Time off should be a comfort, not a punishment


As I sit at breakfast this morning enjoying the calm before the storm that is coming from the AGMA/ABMA Annual Meeting, I couldn’t help but look around at all the busy families around me – we are at Disney’s Grand Floridian Resort & Spa. Yes, some might say this is an unusual venue for a business meeting, but that is a discussion for another day. What surprised me this morning was that, at almost all of the tables surrounding my group of colleagues, there was at least someone on their phone and many talking about their work while their children inhaled the Mickey Mouse shaped waffles in front of them. This is the mecca of family-vacation destinations, and no one is paying attention to their family. Now, I am not going to throw stones; I have definitely been guilty of working while on leave, but has the remote working situation made work too available?

“A study by Passportphoto Online found 68 percent of people use their smartphones for work while they’re traveling, and 62 percent said the use of their device for work on vacation made it tough to recharge or relax.” (forbes.com)

Yes, remote work has created a flexibility for employees that some say is invaluable. For others, having 24/7 access to email and databases has made the work/life balance impossible. According to McKinsey & Company’s survey results, 87 percent of workers are jumping at the opportunity to work remotely (even at just part time), and 80 million people are taking advantage of flexible work, making it apparent that employees are preferring to stay out of the office if they can (McKinsey). Over time, however, I am very curious to see if, in future surveys, that they find people are working more than ever, now that their office is literally in their house.

One solution that an industrial startup implemented to kick this working-on-vacation habit was to fine those that engaged with the person on leave. “Instead, the company removes the vacationing employee from its systems for an entire week and fines anyone who attempts to interrupt their holiday $1,200, allowing employees to fully ‘unplug.’ No email, Slack, phone calls, etc.” (Industrial Equipment News [ien.com]) Now this might seem a little drastic, but if you want your employees to truly feel like they can step away, this kind of support could be necessary. In the meantime, for those who are choosing to check in while away from their desks, here are a couple things to try to avoid if you want to actually enjoy the money you spent to get away.

Do not bring your computer or work phone with you on vacation: If your work email is on your personal phone, remove it. We all know cellphones are with us all the time, and given a minute of opportunity, we will check email, texts, social media, and everything we can to stay in the know. Just don’t give yourself the ability to do it.

Tell your team ahead of time you do not want to be disturbed and have a backup plan for urgent matters that come up: Trust your co-workers or employees to handle what needs to be done. Many of us do not have our names on the building, so it is going to be OK if you let someone else answer questions – just prepare people in advance.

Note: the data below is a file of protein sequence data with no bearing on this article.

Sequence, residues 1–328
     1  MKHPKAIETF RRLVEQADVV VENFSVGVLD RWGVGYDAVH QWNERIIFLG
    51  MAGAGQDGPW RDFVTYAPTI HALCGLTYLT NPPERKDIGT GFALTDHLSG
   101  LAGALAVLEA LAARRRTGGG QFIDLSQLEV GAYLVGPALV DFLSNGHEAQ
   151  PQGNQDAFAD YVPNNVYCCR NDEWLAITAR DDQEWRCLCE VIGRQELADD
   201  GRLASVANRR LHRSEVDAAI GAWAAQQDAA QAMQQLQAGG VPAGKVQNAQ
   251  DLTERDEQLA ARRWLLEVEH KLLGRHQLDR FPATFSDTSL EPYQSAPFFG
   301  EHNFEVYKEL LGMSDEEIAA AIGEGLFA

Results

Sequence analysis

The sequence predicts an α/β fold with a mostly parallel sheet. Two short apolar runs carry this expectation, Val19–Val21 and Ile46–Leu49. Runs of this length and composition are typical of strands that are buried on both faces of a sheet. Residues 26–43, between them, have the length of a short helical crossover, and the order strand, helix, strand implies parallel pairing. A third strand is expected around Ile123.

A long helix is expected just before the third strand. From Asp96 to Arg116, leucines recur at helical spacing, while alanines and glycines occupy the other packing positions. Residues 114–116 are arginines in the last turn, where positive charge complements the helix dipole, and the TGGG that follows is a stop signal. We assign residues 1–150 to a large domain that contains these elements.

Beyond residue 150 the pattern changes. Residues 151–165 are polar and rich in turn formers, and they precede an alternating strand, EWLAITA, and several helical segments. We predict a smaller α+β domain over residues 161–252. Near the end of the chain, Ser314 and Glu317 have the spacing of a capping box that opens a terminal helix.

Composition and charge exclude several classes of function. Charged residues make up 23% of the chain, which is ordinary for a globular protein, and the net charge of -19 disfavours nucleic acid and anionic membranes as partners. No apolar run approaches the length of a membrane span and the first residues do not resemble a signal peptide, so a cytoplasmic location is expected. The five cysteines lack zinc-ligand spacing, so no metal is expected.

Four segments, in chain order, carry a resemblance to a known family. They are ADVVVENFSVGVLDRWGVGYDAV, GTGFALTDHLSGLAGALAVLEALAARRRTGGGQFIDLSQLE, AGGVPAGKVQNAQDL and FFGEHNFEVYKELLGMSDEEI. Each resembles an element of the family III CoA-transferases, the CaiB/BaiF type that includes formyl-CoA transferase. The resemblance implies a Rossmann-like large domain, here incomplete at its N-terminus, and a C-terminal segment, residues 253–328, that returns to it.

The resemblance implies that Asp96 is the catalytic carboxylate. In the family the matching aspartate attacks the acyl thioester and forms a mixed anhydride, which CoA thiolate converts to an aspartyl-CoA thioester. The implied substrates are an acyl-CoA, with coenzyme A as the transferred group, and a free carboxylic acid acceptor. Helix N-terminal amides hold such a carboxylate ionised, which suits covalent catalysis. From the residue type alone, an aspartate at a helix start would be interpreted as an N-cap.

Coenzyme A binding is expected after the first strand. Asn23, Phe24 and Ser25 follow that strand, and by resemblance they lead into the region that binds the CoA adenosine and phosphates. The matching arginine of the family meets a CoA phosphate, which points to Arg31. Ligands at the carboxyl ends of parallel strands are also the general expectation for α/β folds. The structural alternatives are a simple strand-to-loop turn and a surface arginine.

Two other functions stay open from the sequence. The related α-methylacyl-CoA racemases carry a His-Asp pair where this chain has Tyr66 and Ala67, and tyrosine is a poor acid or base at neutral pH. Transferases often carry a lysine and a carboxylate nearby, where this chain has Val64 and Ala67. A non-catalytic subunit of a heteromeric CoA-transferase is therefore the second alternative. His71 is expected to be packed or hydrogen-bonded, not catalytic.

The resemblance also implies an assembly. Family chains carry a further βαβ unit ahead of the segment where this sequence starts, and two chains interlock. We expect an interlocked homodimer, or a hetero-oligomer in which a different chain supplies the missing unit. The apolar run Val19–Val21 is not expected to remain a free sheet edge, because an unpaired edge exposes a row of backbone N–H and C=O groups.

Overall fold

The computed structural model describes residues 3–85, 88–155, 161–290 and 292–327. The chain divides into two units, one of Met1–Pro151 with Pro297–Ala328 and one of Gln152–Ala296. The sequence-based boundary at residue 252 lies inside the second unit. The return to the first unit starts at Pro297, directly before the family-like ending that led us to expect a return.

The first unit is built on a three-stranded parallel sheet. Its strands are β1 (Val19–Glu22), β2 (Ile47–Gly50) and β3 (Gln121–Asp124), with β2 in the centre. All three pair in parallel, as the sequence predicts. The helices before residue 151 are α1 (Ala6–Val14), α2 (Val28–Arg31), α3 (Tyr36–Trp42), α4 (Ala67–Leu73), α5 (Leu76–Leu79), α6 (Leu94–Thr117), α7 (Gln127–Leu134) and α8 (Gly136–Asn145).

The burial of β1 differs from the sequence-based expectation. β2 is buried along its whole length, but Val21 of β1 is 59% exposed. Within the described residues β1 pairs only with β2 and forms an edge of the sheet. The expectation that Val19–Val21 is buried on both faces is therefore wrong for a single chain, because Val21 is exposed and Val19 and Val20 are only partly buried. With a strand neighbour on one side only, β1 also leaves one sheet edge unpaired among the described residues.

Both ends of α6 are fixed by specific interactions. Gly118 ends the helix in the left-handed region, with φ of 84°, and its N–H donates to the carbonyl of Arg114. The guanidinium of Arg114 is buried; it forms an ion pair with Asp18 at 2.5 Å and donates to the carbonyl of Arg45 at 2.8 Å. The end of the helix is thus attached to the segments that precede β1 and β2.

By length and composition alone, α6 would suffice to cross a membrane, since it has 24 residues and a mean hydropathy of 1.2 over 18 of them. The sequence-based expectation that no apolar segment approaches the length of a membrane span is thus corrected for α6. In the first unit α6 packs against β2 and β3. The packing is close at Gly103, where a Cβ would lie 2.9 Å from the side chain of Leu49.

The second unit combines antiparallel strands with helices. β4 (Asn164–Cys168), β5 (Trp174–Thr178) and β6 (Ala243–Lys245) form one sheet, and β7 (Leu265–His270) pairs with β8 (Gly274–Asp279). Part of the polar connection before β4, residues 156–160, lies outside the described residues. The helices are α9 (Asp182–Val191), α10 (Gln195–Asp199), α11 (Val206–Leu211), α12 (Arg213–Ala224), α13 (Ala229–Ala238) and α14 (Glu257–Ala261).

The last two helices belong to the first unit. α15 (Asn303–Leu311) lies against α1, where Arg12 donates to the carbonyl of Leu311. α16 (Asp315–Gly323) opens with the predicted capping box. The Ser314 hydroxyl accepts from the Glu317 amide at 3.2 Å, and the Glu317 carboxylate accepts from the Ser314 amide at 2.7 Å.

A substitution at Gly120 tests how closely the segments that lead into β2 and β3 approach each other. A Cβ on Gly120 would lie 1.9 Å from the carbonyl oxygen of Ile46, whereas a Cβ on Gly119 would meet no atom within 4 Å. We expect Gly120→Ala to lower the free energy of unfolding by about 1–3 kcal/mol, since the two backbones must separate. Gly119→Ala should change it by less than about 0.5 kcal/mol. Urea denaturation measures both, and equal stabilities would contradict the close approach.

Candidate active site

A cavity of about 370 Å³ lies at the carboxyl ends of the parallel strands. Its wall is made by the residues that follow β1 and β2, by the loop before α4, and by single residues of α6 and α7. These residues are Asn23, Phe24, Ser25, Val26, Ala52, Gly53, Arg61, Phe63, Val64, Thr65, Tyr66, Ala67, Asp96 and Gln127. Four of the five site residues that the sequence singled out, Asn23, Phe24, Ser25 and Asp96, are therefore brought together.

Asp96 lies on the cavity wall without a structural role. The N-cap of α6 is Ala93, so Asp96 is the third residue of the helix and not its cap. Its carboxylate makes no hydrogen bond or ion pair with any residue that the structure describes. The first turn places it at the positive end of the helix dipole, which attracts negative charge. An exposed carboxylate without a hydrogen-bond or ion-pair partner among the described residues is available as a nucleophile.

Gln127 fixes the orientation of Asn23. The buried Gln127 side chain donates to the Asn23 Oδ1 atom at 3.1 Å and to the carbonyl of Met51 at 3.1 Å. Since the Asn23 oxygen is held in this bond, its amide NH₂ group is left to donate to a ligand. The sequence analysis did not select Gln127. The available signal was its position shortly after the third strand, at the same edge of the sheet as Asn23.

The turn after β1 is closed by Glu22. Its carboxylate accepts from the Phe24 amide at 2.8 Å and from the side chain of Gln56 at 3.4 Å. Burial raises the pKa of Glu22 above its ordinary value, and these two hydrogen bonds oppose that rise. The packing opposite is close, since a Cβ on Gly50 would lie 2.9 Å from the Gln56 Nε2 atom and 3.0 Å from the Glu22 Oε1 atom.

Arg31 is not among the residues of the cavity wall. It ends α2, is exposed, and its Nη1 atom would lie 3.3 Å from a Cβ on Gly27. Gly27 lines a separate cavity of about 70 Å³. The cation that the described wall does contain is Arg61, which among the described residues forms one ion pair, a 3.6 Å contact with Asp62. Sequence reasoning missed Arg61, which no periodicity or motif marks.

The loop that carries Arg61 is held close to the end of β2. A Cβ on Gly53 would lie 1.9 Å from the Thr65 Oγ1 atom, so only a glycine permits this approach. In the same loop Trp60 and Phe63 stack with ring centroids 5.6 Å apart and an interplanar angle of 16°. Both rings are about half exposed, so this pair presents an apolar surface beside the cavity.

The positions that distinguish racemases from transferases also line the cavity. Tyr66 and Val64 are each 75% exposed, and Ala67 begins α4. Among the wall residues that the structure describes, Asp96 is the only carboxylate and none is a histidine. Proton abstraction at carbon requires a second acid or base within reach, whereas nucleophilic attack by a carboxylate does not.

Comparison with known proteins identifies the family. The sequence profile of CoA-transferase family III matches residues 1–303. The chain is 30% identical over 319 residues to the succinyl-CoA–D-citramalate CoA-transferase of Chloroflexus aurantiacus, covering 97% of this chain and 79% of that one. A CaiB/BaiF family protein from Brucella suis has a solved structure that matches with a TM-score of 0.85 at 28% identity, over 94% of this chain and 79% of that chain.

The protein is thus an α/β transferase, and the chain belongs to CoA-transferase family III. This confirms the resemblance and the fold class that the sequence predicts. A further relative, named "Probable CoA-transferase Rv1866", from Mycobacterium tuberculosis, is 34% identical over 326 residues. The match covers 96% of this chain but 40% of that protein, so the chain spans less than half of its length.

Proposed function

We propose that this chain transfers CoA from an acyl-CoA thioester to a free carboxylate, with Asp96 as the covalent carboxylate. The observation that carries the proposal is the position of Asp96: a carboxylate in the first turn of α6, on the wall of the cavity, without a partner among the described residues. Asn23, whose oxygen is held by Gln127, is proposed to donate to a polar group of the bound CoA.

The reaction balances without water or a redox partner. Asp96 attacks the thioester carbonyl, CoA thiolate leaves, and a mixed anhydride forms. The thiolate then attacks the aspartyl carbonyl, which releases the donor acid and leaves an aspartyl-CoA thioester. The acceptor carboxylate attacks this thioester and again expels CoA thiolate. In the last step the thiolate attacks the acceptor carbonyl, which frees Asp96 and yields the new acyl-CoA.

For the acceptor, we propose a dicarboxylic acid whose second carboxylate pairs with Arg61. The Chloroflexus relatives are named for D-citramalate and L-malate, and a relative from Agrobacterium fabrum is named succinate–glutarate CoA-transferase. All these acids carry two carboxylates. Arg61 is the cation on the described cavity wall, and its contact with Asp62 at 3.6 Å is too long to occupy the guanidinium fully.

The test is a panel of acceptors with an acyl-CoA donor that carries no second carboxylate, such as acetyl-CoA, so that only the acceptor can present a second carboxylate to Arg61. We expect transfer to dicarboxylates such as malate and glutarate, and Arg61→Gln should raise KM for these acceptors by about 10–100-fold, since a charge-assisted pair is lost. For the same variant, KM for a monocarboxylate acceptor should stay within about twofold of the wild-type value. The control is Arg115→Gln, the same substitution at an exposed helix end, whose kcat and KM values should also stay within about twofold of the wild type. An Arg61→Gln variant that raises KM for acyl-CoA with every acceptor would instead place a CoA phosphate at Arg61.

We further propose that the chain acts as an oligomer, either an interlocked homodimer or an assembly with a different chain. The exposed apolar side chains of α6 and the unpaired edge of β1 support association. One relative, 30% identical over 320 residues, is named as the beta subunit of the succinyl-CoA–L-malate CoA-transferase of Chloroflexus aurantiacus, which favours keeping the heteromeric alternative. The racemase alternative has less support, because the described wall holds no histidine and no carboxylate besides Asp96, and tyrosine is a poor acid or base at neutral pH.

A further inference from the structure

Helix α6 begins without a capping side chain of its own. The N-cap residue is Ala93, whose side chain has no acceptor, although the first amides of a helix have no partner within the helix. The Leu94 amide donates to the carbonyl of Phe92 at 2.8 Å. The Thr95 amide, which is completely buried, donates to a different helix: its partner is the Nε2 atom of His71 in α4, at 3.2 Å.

Be present with your family and surroundings: I am not trying to get all Zen on you here, but there is some truth that we have to condition ourselves to shut off from work. If you are worried about an email that comes in, you are just cheating yourself and those you are with from having a good time. Make a concerted effort to remember you work hard for the opportunity to take time off.

These three ideas are just to get you started. No one is responsible for your use of time other than you. If you feel like you never get a break, then my guess is you are enabling the problem. It is appropriate to stand up for yourself and set boundaries if you need them. If it feels like you can’t, then don’t hesitate to talk to your employer or manager and ask for help balancing – communication is key.

I would love to say I am going to end this article and go on to the theme parks and ride roller coasters, but I am actually here for work.

Upcoming Training Opportunities

What Bearing and Gear Manufacturers Need to Know About the Inflation Reduction Act’s Support for the Electric Vehicle Supply Chain

April 19 | Webinar

Passed in 2022, the Inflation Reduction Act provides a range of subsidies designed to promote development of the U.S. electric vehicle supply chain. The implementation of the act has not been without controversy, and many of the key provisions manufacturers need to be aware of are only now coming into effect. In this program, a group of tax, trade, and policy experts will pull back the curtain on this legislation and explain the key provisions and opportunities that are starting to reshape the competitive landscape for bearing and gear manufacturers.

Reverse Engineering

April 25-26 | Online Course